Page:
SBA Advocacy Office Pushes for Greater Autonomy
The Small Business Administration's Office of Advocacy is applauding (pdf) new legislation that would give it greater autonomy from its agency parent and codify an executive order requiring all federal agencies to consider the impact on small businesses when crafting regulations.
For about the last 30 years, the advocacy office has acted as an independent advisor to the president and lawmakers on small business issues. However, since 2006 any distinction of the advocate's office was taken out of line-item format in the SBA's budget, according to Office of Advocacy Chief Counsel Thomas Sullivan.
Sens. Olympia Snowe of Maine, who is the top Republican on the Small Business and Entrepreneurship Committee and Mark Pryor (D-Ark.) have offered legislation, S. 2902, that would provide a separate appropriations line item for the office in the SBA budget. Supporters of the plan believe that would enable the office to have more independence and accountability.
The measure now awaits action from the Senate Small Business and Entrepreneurship panel. Similar legislation has been introduced in previous Congresses, but Sullivan said in an interview that the bill's bipartisan support gives it a good chance this time around.
The bill's language says that the purpose of the bill is to ensure that the office has "adequate financial resources to advocate for and on behalf of small business concerns."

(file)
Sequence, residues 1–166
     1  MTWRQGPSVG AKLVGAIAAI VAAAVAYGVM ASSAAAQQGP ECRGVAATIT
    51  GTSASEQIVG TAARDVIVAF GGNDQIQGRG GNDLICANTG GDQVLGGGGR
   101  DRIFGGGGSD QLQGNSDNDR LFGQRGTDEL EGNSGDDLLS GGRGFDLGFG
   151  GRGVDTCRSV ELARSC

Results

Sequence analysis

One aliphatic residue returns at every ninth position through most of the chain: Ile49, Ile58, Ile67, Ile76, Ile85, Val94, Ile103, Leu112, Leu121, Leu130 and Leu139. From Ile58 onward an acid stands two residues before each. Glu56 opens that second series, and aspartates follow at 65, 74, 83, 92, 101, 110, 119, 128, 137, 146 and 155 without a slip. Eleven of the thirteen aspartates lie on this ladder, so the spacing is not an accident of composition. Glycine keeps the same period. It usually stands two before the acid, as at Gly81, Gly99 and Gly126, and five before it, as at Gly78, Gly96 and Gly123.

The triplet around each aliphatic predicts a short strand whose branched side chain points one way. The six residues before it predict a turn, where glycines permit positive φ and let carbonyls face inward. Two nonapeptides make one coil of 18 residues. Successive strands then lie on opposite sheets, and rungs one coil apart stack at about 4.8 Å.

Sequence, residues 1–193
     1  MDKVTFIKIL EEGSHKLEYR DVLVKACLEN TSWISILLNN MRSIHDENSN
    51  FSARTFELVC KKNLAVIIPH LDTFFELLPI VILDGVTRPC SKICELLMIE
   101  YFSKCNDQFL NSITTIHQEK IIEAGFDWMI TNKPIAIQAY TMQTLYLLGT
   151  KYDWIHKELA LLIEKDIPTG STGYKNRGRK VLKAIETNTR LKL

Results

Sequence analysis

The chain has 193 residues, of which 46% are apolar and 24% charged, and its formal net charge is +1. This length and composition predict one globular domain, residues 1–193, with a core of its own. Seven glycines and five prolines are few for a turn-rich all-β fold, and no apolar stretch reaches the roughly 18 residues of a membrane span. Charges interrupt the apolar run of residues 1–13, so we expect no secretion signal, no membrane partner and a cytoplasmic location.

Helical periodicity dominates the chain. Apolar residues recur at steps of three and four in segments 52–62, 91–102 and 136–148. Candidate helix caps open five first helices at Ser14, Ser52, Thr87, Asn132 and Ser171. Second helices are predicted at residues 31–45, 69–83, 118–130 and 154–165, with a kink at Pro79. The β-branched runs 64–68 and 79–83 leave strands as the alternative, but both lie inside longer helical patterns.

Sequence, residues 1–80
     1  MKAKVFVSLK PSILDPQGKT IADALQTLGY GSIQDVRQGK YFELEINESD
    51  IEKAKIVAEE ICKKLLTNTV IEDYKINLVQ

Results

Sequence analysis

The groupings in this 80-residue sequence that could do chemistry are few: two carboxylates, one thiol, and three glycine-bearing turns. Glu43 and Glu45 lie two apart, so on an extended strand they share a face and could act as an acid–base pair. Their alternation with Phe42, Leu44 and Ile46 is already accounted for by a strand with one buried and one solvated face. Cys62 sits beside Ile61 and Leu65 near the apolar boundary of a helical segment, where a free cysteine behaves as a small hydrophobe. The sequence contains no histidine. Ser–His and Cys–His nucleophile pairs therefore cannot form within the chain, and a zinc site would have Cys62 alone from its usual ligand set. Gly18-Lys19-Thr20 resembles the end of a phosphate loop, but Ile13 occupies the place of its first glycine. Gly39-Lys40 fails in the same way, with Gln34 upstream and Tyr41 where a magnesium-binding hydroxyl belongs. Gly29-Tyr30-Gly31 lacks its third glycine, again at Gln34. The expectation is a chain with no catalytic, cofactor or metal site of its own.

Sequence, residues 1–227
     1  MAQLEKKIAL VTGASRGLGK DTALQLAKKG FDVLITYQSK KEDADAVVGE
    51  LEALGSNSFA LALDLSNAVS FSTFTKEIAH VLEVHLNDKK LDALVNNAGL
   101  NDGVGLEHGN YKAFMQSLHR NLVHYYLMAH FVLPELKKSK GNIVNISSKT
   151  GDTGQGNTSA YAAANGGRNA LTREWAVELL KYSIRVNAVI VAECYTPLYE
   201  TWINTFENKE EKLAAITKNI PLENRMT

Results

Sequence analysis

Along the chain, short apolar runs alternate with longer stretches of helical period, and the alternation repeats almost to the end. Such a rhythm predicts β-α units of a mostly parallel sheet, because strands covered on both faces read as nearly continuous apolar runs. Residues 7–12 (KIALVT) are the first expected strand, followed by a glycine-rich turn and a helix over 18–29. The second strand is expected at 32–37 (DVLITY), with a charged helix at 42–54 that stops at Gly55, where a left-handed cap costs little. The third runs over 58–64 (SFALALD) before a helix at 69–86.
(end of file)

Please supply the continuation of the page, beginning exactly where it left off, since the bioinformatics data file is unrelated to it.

Sullivan said the office does have adequate resources and gets a lot of support from SBA Administrator Steven Preston, but the issue is really about transparency. "Right now [the office is] in a large part of the SBA budget, which is called executive direction and the fact that the administrator of the SBA has control over the budget is offensive to the underlying independence of the office."
As for the issue of federal agencies mulling over the impact of their policies on small firms, Sullivan said that any type of political change -- such as the upcoming presidential election -- makes an executive order "suspect for change." Additionally, Sullivan noted, "sometimes independent agencies like the [Federal Communications Commission] don't believe that they fall under the direction of this presidential memorandum."
Sullivan called the two items detailed in the bill "equally as fab," saying they were both important, but for different reasons.
Many small business advocacy groups are pushing for action on the measure.
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Posted by: rianne | May 23, 2008 11:30 AM
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